Visits America
In l929 he paid his first visit to America, playing the role of Hugh Bromilow in "Murder on the Second Floor." He made a sensational success in New York in this play, and it brought him many film offers, all of which he turned down. When he was back in England, however, he decided that he would have a try at a film career. His first picture was made in Germany and it was entitled "The Temporary Widow." He always smiles when he recalls his first day's work at the studio.

Too Many Crooks

He then played in the British films, "Too Many Crooks" and "Poliphar's Wife," and while he was experimenting with picture work he was still carrying on his stage career. It was about this time that he played in "After All," with Elissa Landi, and "Private Lives," with Noel Coward and Gertrude Lawrence. When the latter play went to New York, Laurence and Jill Esmond, to whom he was then married, went too. They were seen by screen talent scouts and were signed to go to Hollywood. Laurence's first American film was "Friends and Lovers." Then came "The Yellow Passport," in which he renewed acquaintance with Elissa Landi, followed by "Westward Passage," with Ann Harding.

Numerous Films
He returned to England at two days' notice in order to play opposite Gloria Swanson in her first British picture, "Perfect Understanding." Shortly after this he was signed to play opposite Greta Garbo in "Queen Christina," and he dashed off to Hollywood once more, only to find that the role had been given to John Gilbert. So back he went to England. His films since then have included "No Funny Business," "Moscow Nights," "Fire Over England," "The Divorce of Lady X," "Q Planes" and "21 Days Together."

Fire Over England with Vivien Leigh

He went back to America to play the part of Heathcliff in "Wuthering Heights," after which he was sensationally successful on the Broadway stage opposite Katharine Cornell in "No Time For Comedy." His performance in Wuthering Heights," witnessed by producer Selznick, led to his casting in the part of Maxim de Winter in Rebecca," followed by "Pride and Prejudice." Olivier has brown hair and eyes and is five feet ten inches in height. His marriage to Jill Esmond ended in divorce early last year, and soon afterward he was married to Vivien Leigh. He has always been studious, and while not at work on stage or screen he continually reads. He is an ardent devotee of gardening, at which occupation he takes most of his outdoor exercise. He does, however, also swim and ride.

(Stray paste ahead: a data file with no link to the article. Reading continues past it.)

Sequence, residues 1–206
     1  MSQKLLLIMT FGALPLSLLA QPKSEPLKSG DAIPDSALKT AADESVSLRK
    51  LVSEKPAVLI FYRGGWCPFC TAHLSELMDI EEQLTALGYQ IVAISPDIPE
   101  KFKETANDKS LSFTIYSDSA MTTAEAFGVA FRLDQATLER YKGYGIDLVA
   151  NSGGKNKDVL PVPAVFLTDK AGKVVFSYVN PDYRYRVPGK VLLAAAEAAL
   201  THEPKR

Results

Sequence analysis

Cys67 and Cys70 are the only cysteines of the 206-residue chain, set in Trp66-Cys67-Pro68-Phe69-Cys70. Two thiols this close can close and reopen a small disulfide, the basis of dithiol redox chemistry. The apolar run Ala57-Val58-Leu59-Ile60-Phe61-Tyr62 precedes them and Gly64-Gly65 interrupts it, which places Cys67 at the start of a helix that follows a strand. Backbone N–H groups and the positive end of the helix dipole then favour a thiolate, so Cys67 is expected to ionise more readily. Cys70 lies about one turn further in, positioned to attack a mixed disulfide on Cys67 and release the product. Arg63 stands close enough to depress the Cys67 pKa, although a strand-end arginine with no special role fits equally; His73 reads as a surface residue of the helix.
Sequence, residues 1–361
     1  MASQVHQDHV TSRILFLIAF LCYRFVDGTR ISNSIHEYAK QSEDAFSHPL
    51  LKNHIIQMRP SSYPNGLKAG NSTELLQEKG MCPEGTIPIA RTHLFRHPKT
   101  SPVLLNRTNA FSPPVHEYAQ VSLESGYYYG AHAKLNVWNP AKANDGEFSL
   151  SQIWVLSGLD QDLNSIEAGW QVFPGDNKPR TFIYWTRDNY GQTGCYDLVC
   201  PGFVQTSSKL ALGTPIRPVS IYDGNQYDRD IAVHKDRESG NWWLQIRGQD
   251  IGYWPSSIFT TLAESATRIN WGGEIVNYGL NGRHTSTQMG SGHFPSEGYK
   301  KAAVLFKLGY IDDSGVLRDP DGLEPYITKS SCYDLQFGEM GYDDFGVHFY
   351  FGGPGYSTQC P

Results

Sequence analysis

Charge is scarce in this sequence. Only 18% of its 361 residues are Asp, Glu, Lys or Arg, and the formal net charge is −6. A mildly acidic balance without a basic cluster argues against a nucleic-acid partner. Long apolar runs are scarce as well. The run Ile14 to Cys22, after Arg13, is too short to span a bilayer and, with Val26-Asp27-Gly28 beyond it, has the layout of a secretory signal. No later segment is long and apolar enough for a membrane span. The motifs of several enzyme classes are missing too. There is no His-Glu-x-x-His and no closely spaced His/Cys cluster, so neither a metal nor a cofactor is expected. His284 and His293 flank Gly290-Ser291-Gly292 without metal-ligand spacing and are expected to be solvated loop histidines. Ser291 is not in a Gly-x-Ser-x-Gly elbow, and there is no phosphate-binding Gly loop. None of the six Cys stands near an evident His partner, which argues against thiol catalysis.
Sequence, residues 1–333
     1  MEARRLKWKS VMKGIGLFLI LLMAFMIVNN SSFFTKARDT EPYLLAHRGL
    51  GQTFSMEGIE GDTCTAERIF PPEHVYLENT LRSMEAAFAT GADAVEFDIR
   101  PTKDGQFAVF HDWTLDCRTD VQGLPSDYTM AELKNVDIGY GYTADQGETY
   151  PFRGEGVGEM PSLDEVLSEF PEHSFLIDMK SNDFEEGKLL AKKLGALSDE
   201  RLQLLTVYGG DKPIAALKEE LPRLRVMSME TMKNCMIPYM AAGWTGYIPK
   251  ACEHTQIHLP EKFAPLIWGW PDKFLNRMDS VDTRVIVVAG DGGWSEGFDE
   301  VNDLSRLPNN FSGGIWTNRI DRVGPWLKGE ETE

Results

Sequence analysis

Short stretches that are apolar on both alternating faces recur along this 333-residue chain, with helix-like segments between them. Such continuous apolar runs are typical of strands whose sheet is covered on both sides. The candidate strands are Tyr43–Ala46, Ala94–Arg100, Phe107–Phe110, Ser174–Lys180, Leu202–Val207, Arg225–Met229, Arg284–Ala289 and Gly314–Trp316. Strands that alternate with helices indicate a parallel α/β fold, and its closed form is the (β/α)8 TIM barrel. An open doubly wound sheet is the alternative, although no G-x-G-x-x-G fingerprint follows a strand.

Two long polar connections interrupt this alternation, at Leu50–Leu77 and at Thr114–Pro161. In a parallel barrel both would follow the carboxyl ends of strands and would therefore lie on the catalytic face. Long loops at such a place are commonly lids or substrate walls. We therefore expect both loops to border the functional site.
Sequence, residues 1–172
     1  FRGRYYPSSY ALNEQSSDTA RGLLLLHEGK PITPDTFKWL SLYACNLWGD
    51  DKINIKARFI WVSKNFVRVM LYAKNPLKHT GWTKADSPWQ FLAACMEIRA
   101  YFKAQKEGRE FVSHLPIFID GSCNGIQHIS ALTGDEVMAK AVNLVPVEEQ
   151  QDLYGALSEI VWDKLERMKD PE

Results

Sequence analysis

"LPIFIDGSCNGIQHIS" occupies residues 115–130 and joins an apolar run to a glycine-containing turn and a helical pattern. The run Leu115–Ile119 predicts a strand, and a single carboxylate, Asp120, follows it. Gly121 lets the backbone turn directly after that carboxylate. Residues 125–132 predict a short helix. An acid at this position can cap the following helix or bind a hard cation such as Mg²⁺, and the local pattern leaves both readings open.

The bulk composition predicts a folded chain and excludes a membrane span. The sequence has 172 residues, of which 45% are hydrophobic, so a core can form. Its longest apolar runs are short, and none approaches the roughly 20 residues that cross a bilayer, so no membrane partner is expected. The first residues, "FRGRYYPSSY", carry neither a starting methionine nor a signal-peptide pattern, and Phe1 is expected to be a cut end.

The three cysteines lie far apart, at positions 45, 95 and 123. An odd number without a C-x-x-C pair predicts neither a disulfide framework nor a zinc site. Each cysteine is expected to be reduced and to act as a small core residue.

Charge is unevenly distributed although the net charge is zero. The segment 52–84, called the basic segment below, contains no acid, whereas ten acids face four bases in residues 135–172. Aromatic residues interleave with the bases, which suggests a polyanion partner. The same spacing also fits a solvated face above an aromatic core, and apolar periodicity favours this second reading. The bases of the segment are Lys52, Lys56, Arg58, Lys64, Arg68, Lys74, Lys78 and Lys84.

Versatile Actor
Laurence is a versatile actor. He can play irresponsible youth, romantic leading men and tragic roles with equal ease. Despite the fact that he has gained great success with one or two gloomy roles, he would prefer to play comedy. Give him a gay part any day, he says.

No Time For Comedy (from Getty Images)

He is rather a silent individual, but nobody at the studio ever accuses him of being "high hat." In fact, he has his prankish moments. He is not a bit interested in seeing his name constantly in the papers; in fact, he will tell newspaper men, whenever they endeavour to interview him, that he is a boring fellow. He refuses, too, to go to places where the publicity people feel he ought to be seen because press photographers will be lurking around. The publicity department at the studio finds him quite a difficult problem at times.

In "21 Days Together," which commences a Hobart season at the Strand Theatre next Friday week, Olivier is co-starred with Vivien Leigh. Taken from the exciting works of John Galsworthy, the film has been described as one of the year's best romantic dramas.